And that’s how General Kurt Student found himself, twenty minutes later, in the cockpit (he was an accomplished pilot) of a plane, bound for the German capital.  And while the plane he flew was no screamer, it didn’t hold back his brain, which was probably running at warp speed in an attempt to figure out what could be so pertinent to require this kind of rapid response.

It was October 27, 1939, and the war in Poland was already over.  Things had quieted down a bit.  Was there an upcoming operation?…a clandestine mission?  Just a high-level meeting?  He had no clue…but he didn’t have long to wait.

Arriving in Berlin shortly before 2pm, he was whisked into Hitler’s presence, who dispensed with any small talk and got straight to the point.  He noted that Student had some experience with gliders and that 7th Flieger had gliders.  Student nodded in confirmation.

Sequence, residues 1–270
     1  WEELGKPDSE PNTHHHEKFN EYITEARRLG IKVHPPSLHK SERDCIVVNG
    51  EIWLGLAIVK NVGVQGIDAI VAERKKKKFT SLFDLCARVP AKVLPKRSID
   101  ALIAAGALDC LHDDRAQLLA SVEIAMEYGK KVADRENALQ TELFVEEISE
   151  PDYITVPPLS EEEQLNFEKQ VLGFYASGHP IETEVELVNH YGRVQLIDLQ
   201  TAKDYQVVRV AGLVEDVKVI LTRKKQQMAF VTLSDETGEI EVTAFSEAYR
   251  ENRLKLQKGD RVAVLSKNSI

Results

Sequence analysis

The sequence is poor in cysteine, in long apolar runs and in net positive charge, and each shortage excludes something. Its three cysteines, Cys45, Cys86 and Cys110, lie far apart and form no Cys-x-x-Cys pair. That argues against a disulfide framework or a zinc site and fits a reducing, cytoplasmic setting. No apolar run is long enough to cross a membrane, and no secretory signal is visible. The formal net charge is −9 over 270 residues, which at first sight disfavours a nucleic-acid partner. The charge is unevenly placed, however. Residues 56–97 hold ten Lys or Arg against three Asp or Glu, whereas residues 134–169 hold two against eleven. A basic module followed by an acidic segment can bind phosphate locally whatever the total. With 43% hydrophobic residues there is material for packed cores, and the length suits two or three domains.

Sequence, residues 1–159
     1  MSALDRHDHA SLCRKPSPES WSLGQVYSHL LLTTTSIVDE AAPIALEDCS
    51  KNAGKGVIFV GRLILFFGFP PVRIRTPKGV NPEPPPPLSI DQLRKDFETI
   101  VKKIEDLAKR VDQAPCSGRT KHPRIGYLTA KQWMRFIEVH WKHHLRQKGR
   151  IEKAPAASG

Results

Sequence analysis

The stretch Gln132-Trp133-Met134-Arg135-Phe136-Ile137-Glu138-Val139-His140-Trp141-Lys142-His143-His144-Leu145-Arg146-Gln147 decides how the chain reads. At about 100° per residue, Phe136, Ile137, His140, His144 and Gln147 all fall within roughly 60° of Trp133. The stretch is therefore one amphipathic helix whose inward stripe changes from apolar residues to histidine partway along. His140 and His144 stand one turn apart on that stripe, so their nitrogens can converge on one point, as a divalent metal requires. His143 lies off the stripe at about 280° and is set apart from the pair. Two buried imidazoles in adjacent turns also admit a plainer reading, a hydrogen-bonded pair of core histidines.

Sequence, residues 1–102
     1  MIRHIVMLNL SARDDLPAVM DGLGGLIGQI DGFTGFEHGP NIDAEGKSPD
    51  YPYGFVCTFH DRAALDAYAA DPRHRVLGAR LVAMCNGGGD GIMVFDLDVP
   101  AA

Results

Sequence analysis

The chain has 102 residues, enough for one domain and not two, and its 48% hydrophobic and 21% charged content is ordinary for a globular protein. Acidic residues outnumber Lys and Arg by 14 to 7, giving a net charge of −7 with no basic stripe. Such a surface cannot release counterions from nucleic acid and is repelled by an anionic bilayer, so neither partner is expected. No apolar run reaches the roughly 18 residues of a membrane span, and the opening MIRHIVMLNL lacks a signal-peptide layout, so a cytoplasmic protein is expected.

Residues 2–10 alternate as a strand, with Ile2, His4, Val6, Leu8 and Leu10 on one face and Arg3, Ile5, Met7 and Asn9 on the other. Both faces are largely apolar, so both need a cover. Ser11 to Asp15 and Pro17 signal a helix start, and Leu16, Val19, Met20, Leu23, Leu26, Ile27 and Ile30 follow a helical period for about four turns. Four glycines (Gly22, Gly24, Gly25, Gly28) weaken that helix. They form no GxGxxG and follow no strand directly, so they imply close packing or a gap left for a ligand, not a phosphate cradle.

Hitler continued (as recorded by Mrazek), “I have a job for you.  I want to know if you can do it.  The Belgians have a fort here.”  Hitler pointed at a map.  “Do you know it?”

Student’s response:  “Yes, my Fuhrer, I know it well.  It is a tremendous fortification.”

Hitler proceeded to describe some of the particulars of the fort, and then said, “I have an idea.  I think some of your attack gliders could land on top of Fort Eben Emael and your men could storm the works.  Is that possible?”

General Student was stunned, not only by the idea’s audacity, but also by it’s almost ridiculous simplicity.  He requested a bit of time to think it over, which the Fuhrer granted.  Student returned the next day and…

Well…let’s tackle that tomorrow…

Recommended Reading: The Fall of Eben Emael